Th17-related cytokines: new players in the control of chronic intestinal inflammation
Dipartimento di Medicina Interna, Università Tor Vergata, Via Montpellier, 1, 00133 Rome, Italy
BMC Medicine 2011, 9:122 doi:10.1186/1741-7015-9-122Published: 15 November 2011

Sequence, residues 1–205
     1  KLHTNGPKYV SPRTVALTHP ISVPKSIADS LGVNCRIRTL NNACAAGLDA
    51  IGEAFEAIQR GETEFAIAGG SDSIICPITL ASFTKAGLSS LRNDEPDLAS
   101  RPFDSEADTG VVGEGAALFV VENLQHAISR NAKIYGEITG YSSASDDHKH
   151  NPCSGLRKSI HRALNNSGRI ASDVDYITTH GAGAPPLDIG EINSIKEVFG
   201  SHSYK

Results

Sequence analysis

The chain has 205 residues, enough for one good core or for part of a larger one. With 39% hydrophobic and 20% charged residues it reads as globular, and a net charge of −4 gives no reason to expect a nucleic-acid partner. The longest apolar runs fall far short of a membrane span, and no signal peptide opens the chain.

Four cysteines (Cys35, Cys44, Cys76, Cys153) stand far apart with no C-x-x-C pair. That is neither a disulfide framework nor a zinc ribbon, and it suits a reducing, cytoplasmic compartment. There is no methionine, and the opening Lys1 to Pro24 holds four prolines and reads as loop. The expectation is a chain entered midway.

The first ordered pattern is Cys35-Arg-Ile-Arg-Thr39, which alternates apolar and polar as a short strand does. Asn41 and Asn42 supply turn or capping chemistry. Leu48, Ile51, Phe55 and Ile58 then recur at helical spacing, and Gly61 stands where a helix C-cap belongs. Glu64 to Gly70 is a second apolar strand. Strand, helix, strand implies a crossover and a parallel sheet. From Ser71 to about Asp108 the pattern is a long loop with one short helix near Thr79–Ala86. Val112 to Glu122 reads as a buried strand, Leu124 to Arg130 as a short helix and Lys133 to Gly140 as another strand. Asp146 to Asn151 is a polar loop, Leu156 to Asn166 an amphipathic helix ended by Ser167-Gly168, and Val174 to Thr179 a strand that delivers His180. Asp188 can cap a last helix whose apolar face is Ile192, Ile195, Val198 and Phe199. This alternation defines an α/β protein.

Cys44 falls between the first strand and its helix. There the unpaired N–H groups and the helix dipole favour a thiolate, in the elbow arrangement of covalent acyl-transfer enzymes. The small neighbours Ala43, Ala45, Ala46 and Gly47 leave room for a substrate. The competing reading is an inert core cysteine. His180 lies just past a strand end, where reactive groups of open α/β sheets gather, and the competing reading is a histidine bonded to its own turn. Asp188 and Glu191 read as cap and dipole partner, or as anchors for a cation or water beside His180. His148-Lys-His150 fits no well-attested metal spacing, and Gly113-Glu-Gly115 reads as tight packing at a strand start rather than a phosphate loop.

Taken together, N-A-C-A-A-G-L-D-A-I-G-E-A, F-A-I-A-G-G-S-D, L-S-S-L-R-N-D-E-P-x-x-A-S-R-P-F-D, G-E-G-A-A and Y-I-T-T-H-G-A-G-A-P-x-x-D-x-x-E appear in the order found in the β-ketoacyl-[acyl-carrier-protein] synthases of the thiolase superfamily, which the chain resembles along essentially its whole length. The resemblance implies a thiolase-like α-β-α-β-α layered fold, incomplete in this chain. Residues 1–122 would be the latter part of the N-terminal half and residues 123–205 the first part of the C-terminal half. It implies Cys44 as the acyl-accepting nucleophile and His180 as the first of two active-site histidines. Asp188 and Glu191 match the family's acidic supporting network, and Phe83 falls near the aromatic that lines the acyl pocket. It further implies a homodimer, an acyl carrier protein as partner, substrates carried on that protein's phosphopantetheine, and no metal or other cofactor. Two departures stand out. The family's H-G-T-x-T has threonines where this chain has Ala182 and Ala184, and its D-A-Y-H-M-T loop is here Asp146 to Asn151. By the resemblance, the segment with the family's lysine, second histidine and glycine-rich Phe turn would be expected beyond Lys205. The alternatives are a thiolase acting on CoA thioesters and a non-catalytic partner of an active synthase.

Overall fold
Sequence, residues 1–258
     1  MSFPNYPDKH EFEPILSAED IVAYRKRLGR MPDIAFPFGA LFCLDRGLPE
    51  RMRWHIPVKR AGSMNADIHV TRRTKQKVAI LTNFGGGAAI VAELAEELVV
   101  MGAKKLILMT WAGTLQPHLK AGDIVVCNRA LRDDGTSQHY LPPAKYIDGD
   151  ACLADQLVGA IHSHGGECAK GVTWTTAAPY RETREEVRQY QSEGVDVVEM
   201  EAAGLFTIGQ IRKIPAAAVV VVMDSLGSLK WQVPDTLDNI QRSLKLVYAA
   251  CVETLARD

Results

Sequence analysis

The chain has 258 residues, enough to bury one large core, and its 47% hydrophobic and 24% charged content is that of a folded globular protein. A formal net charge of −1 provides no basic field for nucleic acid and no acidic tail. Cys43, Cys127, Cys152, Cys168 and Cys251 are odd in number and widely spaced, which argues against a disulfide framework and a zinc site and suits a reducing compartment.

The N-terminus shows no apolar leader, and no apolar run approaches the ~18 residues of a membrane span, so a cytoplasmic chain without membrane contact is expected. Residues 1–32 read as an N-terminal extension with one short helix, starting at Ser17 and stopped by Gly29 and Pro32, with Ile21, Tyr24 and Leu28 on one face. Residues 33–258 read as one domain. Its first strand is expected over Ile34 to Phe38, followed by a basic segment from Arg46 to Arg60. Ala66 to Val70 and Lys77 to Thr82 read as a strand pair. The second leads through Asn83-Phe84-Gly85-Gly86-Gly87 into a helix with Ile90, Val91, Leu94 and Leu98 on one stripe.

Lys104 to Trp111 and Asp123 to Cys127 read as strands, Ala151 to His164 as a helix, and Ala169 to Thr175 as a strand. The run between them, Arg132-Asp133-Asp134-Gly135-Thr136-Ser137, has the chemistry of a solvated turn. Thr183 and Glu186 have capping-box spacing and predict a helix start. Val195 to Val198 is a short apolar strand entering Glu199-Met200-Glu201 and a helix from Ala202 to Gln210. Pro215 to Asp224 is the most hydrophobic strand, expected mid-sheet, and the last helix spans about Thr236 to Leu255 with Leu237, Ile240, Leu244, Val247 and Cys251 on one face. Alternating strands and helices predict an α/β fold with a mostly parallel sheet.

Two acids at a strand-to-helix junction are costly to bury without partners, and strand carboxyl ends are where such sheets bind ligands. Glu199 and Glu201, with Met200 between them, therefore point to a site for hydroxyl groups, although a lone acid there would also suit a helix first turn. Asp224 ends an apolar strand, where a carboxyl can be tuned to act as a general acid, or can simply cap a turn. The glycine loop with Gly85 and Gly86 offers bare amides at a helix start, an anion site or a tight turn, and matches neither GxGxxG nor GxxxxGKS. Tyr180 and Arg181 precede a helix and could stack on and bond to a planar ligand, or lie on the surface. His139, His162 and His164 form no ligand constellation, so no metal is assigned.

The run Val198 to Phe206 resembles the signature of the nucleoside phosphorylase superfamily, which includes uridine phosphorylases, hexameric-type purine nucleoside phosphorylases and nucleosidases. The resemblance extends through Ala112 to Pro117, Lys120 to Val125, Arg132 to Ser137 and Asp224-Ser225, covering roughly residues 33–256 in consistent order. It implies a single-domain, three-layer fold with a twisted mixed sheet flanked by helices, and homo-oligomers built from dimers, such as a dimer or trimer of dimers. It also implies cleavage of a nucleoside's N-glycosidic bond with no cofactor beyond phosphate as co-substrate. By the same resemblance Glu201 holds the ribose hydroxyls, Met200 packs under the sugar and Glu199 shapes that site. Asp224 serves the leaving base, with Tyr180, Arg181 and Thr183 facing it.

Crohn's disease (CD) and ulcerative colitis (UC), the main forms of inflammatory bowel diseases (IBD) in man, are thought to be caused by an excessive and poorly controlled immune response that is directed against components of the normal microflora. The exact sequence of events by which this pathological process is triggered and maintained is not fully understood, but studies in experimental models of IBD and data emerging from recent clinical trials indicate that T cell-derived cytokines are crucial mediators of the tissue damage. Although CD and UC have been traditionally considered two typical examples of T helper (Th)1 or Th2-associated disease respectively, it is now known that CD- and UC-related inflammation is also marked by enhanced production of cytokines made by a distinct subset of Th cells, termed Th17 cells. Th17 cytokines can have both tissue-protective and inflammatory effects in the gut and there is evidence that Th17 cells can alter their cytokine program according to the stimuli received and convert into Th1-producing cells. These novel findings have contributed to advancing our understanding of mechanisms of gut tissue damage and open new avenues for development of therapeutic strategies in IBD.